Jen’s preview of”Cloud Atlas,” starring Tom Hanks, Halle Berry, Huge Grant, directed by Tom Tykwer, Andy Wachowski, Lana Wachowski, in theaters Oct. 26, 2012.

I read the 2004 novel “Cloud Atlas” by David Mitchell in four days.  Spurred on by Ryan, who was reading with me, I devoured the book like I had no other title before it.  We wanted to finish it before the screening of the feature film at the Hawaii International Film Festival.

I thoroughly enjoyed the novel.  Sure, it was gimmicky, but it was also fascinating. Cloud Atlas is a collection of six short stories with common themes, all tied together.  The narrators of the stories are from all over the world, in both the past and the future.  Mitchell was able to deftly create six different, distinct voices.

I realized that a film adaptation of this novel would be very, very tricky to pull off.  I had high hopes, though. The film is written and directed by Tom Tykwer (Run Lola Run) and Lana and Andy Wachowski (The Matrix Trilogy).  I was somewhat confident in their collective ability to translate the novel into a coherent film.

They did pull it off.  Mostly.

The writing team cut a few corners and made a few changes that made me scratch my head.  They completely discarded the structure of the novel.  I was able to follow along with the characters, but I can imagine how someone not familiar with the novel could be very confused.  Some of the novel’s loose ends are tied up a little too neatly, and the filmmakers’ choice to use only a few actors for so many roles was maybe not a good one.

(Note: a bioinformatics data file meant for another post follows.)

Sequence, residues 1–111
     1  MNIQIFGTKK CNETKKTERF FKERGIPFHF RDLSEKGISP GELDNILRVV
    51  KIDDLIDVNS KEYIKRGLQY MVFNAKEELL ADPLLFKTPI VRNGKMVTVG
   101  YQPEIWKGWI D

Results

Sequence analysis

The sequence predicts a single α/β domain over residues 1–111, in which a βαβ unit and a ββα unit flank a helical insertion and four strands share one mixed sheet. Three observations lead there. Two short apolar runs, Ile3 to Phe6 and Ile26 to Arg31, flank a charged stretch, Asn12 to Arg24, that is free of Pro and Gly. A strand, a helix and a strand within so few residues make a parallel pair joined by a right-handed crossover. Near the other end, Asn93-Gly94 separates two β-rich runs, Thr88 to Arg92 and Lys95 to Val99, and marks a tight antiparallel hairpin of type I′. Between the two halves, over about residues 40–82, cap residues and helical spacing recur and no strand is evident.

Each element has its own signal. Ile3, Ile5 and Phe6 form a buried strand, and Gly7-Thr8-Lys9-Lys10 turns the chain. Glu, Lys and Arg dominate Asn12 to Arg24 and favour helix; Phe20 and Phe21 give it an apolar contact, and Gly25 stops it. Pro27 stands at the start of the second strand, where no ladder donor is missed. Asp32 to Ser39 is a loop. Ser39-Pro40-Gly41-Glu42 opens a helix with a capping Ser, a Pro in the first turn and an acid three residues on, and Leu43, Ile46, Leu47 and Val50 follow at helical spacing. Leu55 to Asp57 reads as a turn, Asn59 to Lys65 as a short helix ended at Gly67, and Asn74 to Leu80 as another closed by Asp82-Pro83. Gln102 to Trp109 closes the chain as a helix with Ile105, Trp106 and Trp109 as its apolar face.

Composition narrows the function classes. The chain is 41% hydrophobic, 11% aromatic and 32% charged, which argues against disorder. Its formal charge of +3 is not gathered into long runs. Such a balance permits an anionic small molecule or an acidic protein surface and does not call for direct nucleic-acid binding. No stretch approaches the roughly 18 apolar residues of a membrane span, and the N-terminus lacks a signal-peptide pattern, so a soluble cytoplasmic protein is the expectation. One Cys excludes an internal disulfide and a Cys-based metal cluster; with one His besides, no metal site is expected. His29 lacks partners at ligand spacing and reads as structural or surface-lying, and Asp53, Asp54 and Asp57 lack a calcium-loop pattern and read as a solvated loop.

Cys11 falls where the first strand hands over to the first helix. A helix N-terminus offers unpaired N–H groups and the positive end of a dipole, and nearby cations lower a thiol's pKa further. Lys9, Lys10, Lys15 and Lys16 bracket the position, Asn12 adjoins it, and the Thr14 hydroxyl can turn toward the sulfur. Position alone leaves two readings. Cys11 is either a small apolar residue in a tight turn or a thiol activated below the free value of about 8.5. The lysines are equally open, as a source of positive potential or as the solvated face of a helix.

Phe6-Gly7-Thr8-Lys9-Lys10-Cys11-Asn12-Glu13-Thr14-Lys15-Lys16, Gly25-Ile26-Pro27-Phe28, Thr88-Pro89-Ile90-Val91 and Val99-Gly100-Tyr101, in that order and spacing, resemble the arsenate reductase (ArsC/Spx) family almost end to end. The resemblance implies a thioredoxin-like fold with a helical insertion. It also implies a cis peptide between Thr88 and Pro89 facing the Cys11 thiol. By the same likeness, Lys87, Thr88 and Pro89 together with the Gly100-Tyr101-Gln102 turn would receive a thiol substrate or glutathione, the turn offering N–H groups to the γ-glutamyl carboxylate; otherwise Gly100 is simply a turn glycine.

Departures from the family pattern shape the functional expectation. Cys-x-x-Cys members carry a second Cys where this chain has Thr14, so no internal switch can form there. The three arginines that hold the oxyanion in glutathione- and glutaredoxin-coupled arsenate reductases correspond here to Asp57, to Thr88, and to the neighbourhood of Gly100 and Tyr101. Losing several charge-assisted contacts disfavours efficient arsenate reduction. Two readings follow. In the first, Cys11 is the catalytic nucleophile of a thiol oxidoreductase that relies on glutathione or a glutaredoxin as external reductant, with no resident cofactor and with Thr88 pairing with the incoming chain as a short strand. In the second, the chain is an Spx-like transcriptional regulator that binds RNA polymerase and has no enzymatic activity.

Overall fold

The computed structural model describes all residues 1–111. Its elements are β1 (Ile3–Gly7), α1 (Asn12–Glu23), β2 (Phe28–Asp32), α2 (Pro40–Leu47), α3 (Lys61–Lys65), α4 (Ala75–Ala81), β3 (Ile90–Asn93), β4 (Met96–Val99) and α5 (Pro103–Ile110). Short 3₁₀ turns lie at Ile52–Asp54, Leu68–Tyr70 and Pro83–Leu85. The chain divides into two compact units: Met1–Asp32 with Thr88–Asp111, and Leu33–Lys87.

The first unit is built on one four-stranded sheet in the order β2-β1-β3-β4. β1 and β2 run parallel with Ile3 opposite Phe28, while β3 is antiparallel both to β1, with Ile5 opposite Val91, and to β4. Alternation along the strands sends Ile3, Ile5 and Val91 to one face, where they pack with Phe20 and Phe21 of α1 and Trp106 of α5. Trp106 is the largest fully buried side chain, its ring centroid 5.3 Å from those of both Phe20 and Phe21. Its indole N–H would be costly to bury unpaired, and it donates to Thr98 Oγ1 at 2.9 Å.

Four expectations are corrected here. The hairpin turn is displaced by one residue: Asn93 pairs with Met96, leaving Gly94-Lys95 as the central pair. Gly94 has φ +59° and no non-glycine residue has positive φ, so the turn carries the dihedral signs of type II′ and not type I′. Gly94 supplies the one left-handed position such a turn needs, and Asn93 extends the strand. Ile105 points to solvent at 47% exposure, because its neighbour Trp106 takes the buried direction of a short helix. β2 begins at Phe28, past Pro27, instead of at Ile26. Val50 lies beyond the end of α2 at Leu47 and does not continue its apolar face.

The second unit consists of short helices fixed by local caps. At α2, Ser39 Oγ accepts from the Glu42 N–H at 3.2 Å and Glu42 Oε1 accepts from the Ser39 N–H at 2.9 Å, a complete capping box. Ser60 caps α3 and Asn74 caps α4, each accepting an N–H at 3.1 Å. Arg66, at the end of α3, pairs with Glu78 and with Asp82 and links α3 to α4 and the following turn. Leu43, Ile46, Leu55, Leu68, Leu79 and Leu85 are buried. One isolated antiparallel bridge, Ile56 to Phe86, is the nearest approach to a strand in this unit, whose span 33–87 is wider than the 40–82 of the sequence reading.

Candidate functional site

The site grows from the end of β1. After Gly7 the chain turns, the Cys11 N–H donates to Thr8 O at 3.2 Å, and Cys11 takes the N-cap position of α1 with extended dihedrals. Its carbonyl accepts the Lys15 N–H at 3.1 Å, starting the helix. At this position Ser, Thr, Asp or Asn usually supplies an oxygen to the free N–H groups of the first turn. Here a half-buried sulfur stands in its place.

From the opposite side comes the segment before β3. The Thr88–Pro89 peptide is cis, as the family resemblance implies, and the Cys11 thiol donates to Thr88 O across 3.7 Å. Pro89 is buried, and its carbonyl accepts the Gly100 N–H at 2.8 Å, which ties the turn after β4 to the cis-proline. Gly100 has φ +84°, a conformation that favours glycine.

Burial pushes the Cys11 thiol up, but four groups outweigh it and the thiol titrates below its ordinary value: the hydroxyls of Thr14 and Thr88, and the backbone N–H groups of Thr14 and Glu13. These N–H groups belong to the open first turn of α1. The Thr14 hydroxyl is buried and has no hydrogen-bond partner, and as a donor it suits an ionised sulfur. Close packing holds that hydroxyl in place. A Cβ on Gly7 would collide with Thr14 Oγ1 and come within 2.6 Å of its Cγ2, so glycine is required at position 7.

The film stars Halle Berry, Tom Hanks, Susan Sarandon, Jim Broadbent (Harry Potter and the Half Blood Prince), and Jim Sturgess (Across the Universe), among others.  Halle Berry is Halle Berry, but I have to say, I am impressed with Tom Hanks.  I never saw him as a serious actor before and considered him very overrated, especially in Forrest Gump, a role which still earns him praise.  He sheds his movie star skin in this film and truly inhabits his characters. Hugo Weaving, of The Matrix Trilogy and the Lord of the Rings franchise, appears in drag in one story and is frightening every minute he is onscreen.

The team struggles, I think, with tone.  There are quite a few genuinely funny moments in the novel that just aren’t funny onscreen. One act involves a senior citizen (Broadbent) who is accidentally imprisoned in a retirement home and enlists some of his fellow residents in his escape.  This part of the novel is quite funny, but feels dark and surreal onscreen.  Another act takes place in the 1970’s, and feels much too modern.  A little more attention to how the original stories feel could have made this film seem more than just an exercise in dress-up.

And the makeup required to turn some of the Caucasian actors into Asian characters is truly awful.  Watching these actors in their makeup made me forget about the story entirely.

I appreciate what the filmmakers were going for.  I truly do.  The idea of the novel is that throughout one’s lives, he meets the same people over and over again, throughout history.  Seeing the same small cast appear as different characters underscores that idea, but it’s not necessarily successful.

The film does succeed, though, in its epic scope and especially it’s brain-twisty-ness.  It’s dense and confusing, in the best way possible.  The lack of a structure allows the audience to make connections that they might not make with the novel.  Scenes blend into each other, lines of dialogue highlight themes.  It is an achievement in filmmaking.